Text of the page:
The south east curtain wall facing the sea had one 12.5 inch and two 10 inch RML guns in casemates and the two land facing bastions with Barbette mounted 9 inch RML guns.



In 1878, a submarine mining establishment was constructed by excavating a test room within the thick walls of the Fort, building an observation room and adding a main building on the east side of the Fort – known as the Ravelin Block. Stores and barracks were later demolished and are now underneath Landguard Terminal (part of the Port of Felixstowe). In 1901, because the existing armament of the Fort became obsolete, new batteries were built in front of the Fort facing the sea and river. These were named Left, Right and Darell’s Batteries.

After the main guns were removed, and for most of the 20th C. the Fort was used as barrack accommodation. In 1951 two of the old gun casemates were converted into a control room for ‘cold war’ use.

In 1956 the Coastal Artillery was disbanded and Landguard Fort no longer had a national military purpose. After 10 years of military neglect, the Fort was sealed up and left to quietly disintegrate until the 1980’s when local interest was aroused.

In 1997/8 the Fort was structurally consolidated by English Heritage, into whose care it had been placed, and is maintained and opened to the public on their behalf by the Landguard Fort Trust

In 1956 the Coastal Artillery was disbanded and Landguard Fort no longer had a national military purpose. After 10 years of military neglect, the Fort was sealed up and left to quietly disintegrate until the 1980’s when local interest was aroused.

In 1997/8 the Fort was structurally consolidated by English Heritage, into whose care it had been placed, and is maintained and opened to the public on their behalf by the Landguard Fort Trust



The Tolhouse has certainly had a turbulent history. Over the years it has been home to pirates, robbers and murderers as well as countless common crooks. It has been attacked by rebels and rioters and gutted by enemy bombs. Since the 1880s, the building has housed a museum. Today it tells the story of the building and of crime and punishment in Great Yarmouth through the ages.
August - Public Investigation - The Tolhouse Goal Museum - Great Yarmouth - 18th Aug 2018

At first sight, The Tolhouse seems strangely out of place, like a relic of a bygone age stranded amongst the modern streets, houses and offices of Great Yarmouth. When it was built about 800 years ago, it must have looked a grand place, with its sturdy stone walls, finely carved doorway and arched windows. Then it was the home of a rich merchant whose livelihood no doubt depended on the nearby quayside.

The TolhouseBefore long, however, the house passed into the hands of the Yarmouth town officials. So began its long association with the law, as the courtroom for various different types of courts, the town gaol with the notorious dungeon known as ‘the hold’, and a police station.
Private Event - Revesby Abbey - 29th September 2018


This charming merchant’s house, on the quayside in Great Yarmouth, was built around 1596 by Benjamin Cowper.

Home to merchants and prominent locals, over the years the building has seen several changes to its physical shape. Evidence of the developments made by its wealthy inhabitants can be seen throughout the building. Wood panelled rooms, richly decorated ceilings and the imposing stairway all help to tell the story of the Elizabethan House.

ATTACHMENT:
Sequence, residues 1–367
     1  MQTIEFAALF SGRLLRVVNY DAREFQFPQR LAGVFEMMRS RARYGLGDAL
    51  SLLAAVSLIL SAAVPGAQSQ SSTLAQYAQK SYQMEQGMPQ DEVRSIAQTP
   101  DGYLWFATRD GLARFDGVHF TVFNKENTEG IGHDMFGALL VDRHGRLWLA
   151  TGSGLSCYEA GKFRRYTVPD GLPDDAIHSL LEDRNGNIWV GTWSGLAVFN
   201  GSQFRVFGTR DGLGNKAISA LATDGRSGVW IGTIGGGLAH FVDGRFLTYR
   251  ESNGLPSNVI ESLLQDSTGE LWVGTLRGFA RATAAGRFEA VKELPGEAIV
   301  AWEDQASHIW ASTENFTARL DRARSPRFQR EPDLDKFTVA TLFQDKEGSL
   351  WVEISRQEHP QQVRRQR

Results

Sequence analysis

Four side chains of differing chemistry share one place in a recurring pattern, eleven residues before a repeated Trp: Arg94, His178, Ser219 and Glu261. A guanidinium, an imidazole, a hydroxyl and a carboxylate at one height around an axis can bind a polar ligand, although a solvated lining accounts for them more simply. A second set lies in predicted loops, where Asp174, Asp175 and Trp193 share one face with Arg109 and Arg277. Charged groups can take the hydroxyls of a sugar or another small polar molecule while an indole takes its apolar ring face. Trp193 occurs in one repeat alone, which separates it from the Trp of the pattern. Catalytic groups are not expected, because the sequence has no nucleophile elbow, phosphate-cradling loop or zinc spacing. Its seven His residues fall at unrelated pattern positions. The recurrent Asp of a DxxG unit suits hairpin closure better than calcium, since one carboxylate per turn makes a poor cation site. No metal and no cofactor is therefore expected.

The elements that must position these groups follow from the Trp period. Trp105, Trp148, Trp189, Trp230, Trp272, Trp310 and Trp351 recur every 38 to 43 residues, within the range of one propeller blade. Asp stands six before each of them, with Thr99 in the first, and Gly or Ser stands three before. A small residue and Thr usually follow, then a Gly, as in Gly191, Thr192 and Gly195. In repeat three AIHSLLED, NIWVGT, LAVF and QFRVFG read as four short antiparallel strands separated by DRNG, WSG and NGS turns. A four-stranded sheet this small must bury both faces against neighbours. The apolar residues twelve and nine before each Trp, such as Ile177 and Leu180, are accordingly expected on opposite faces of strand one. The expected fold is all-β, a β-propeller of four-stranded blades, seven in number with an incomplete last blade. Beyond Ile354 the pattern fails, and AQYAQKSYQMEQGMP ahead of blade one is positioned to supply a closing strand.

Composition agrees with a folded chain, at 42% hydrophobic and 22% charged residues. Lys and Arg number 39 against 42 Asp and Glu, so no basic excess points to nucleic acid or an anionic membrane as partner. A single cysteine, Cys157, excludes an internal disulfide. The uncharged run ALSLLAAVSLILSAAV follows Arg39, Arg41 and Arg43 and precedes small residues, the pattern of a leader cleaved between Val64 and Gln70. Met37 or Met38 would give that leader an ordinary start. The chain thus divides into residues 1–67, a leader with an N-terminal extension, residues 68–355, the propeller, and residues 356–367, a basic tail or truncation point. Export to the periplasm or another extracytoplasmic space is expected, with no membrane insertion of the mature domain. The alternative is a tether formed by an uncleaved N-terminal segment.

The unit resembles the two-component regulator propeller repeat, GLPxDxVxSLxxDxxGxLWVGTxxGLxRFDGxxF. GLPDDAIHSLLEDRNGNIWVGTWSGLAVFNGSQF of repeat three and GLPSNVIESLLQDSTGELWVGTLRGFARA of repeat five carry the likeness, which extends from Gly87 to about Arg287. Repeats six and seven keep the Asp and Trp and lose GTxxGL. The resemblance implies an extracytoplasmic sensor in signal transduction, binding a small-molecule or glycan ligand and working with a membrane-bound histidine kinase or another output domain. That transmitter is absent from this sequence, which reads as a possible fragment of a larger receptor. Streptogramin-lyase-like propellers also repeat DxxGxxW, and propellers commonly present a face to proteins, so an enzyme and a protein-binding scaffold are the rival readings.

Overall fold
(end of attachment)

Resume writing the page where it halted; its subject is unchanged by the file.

The house is famous for its connections with Oliver Cromwell who is said to have frequently visited his friend, John Carter, a prominent Yarmouth merchant who purchased the house from Benjamin Cowper in 1635.

The premises became a regular meeting place for Parliamentarians during the Civil War and it is here, allegedly, in November 1648 that the fate of Charles I was decided.
The house is famous for its connections with Oliver Cromwell who is said to have frequently visited his friend, John Carter, a prominent Yarmouth merchant who purchased the house from Benjamin Cowper in 1635.

October - Public Investigation -Elizabethan House Museum, Great Yarmouth – 27th October 2018

From 1667 some 14 different families lived in the house. In 1870, it was bought by the Aldred family and remained in their possession until the eldest daughter Mary Aldred bequeathed it to the National Trust. Her sister Blanche remained a tenant until her death in 1949. Norfolk Museums Service now manage the Elizabethan House for the National Trust.

The house contains fascinating collections from Norfolk Museums and Archaeology Service. You can get hands on with the Elizabethan past in the bedroom (complete with replica costumes for you to try on) and find out about life ‘upstairs and downstairs’ for its Victorian inhabitants.

If you visit on one of our special event days, you may be lucky enough to see the range in the kitchen being fired up and have a chance to look at food created to period recipes; or talk to one of the costumed characters who can be found roaming the house!
Harwich Redoubt Fort – 24th November 2018

The Redoubt was built between 1808 and 1810 to protect the port of Harwich against the threat of Napoleonic invasion. It was part of the scheme that included the construction of 29 Martello Towers on the East Anglian coast. The Redoubt is of circular shape, approximately 200ft in diameter, with a central parade ground of 85ft diameter. Hoists lifted shells from the lower level to the gun emplacements. It is similar in design to earlier redoubts at Dymchurch and Eastbourne.

Though difficult to imagine as it is now surrounded by houses, when the Redoubt was built it was on a hill top with free views in all directions. A house was demolished to make way for the Redoubt, and a large elm tree – used by ships as a navigational mark – was also removed. It is said that French prisoners of war were made to help in the construction